This is when more meetings can actually make your workplace happier

By Stephanie Vozza

April 02, 2022
This is when more meetings can actually make your workplace happier

Few people love meetings. They interrupt your day, which hurts your workflow, and many could have been an email. A Harvard Business Review survey of managers found that 83% reported that meetings on their calendars were unproductive. But Nic Marks, CEO of Friday Pulse, an organization that uses a Happiness KPI to help teams build a better future, says meetings can be the key to workplace happiness.

Five components are critical to workplace happiness: connection, fairness, empowerment, challenge, and inspiration, explains Marks, a statistician and wellbeing specialist, whose TED Talk on world happiness has more 2.5 million views.

“They all have an influence, they’re all important, and for some people, some are more important than others,” he says. “We’re very socially motivated. If we get on well with our colleagues and feel supported, everything goes a lot better. I’ve surveyed people, asking, ‘How frequently do you have a team meeting?’ If people don’t have team meetings, the data we have is that they’re three times more likely to be unhappy. Good team meetings are worth about half a point on a one to five scale of happiness, so it’s quite a big effect.”

While meetings that are too long or are inefficient can be a problem, team meetings that have a clear direction and serve as a bonding experience, improve team relationships. Marks offers these tips:

Weekly Meetings

First, hold weekly team meetings. “We work in week sprints; it’s the way we organize our work,” says Marks. “Look back at how the last week went, ask people what went well, what didn’t go well. Build on what’s gone well, and tackle what doesn’t go well.”

Leaders should also call out employees’ successes, thanking them and showing appreciation. “In a group setting, it’s very resonant,” says Marks. “Not only does the person hear it, but their colleagues do. And everybody feels better.”

Team meetings also provide a good place for employees to share frustrations or things they’re stuck on. “It provides a good opportunity to flag their concerns, talk them through, and support each other,” says Marks. “Trust is built slowly. Aristotle once said, ‘Excellence is a habit.’ If you’re going to create happier teams, you’ve got to create your habits. And I think the key the core habit is a weekly meeting to talk about how things are.”


One-on-One Meetings

Instead of waiting for annual reviews or difficulties, Marks recommends that leaders hold brief one on one meetings with each employee every month or quarter. “I think the less frequently you do this, the more rigid they become,” he says. “If you do them more informally, you build a better relationship as a team leader and the more things can talk about.”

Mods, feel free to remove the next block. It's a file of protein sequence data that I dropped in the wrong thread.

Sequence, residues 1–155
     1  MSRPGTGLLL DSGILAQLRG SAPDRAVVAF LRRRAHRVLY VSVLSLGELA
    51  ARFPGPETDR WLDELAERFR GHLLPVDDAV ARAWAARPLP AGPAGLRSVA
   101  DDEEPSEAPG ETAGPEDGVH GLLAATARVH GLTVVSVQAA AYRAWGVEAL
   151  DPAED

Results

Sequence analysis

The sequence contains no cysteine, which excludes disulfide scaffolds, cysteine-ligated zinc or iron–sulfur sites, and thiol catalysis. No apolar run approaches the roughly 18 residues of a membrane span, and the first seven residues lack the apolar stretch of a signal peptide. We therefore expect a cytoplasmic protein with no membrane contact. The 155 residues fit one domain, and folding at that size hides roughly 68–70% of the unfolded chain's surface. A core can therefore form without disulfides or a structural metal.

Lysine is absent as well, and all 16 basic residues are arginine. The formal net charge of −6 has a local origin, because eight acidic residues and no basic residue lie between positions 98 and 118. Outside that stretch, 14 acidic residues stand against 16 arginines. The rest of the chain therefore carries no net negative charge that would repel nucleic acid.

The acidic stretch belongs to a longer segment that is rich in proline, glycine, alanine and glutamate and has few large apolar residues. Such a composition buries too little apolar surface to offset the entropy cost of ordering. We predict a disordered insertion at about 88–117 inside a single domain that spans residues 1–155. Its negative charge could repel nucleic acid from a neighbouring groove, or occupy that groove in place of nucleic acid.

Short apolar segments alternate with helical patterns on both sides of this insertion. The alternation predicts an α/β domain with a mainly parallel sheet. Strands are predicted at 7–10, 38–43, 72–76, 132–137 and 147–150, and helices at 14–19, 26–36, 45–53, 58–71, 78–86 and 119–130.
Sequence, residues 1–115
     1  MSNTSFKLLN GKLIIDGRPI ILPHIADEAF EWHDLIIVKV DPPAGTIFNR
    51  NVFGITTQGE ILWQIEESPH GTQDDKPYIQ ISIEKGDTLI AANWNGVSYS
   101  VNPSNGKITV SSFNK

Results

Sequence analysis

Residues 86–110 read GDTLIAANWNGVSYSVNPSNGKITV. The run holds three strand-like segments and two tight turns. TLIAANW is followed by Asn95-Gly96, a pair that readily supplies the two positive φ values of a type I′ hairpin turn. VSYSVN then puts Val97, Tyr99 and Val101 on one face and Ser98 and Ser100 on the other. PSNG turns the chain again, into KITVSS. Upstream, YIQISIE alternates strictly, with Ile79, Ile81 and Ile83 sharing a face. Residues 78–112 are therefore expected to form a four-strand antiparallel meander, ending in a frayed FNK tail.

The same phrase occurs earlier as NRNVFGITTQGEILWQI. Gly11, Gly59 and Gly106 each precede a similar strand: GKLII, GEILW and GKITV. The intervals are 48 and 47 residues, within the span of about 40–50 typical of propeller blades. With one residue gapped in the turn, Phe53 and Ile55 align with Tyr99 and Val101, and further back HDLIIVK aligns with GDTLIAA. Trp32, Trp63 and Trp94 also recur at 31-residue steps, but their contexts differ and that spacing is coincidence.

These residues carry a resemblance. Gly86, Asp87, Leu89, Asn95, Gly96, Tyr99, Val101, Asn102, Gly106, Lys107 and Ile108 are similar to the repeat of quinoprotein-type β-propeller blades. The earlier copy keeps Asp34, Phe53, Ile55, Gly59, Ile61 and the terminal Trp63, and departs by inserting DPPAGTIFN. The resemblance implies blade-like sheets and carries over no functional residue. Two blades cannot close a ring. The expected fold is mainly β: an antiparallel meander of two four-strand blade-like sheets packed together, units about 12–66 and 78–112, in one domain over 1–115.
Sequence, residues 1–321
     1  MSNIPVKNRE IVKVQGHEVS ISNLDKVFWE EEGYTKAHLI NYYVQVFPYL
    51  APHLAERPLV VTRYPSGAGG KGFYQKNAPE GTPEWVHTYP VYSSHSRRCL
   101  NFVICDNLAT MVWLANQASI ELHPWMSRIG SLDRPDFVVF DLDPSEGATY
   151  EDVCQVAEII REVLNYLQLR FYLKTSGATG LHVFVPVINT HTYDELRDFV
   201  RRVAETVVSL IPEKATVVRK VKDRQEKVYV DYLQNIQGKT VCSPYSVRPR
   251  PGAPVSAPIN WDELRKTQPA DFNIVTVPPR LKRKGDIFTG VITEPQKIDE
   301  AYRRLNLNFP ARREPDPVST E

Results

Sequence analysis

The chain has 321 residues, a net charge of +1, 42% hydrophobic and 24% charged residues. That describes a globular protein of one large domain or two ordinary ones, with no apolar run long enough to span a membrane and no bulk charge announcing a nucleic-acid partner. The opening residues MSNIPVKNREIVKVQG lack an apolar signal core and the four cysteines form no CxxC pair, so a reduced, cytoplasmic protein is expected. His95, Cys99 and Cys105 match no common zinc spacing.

The purpose for these meetings is to discuss topics an employee may not feel comfortable raising during the team meeting. They’re also a way to build a relationship. “They’re more about asking, ‘How are you doing? What’s going well for you personally?’” says Marks. “It’s more ‘cup of coffee’ relationship than it is about work content.”

Walk and Talk Meetings

Marks also encourages teams to get outside and try walk-and-talk meetings. Even just 30 minutes outside can make so much difference for mental health, he says.

“I think one of the problems with Zoom is you’re looking straight at somebody,” he says. “I’m a big fan of not sitting down opposite each other and and talking but you know doing it informally and going for a walk if the weather’s good.”

Walking side by side provides a sense that you are supported and going in the same direction. “You’re able to say things a little bit differently,” says Marks. “Because your body is moving, you start to release things and are able to talk more freely because not looking directly in the eye. I think it just moves the conversation better.”

Getting outside also allows you to leave the office environment behind, which can help if the conversation is difficult, Marks adds. “Walking somehow deescalates it and makes it easier to talk,” he says. “Greenery calms and reassures us, too. There’s lots of data about getting outside is good for our wellbeing and our happiness. It brings that to meetings, as well.”

For all of these kinds of meetings, leaders need to talk less and listen more, says Marks. “Be facilitative, rather than prescriptive,” he says. “Be supportive. You’re trying to help ingredients in the room come together to be something more and the way you do that is draw people out. You’ll get people to engage and feel more able to be themselves.”

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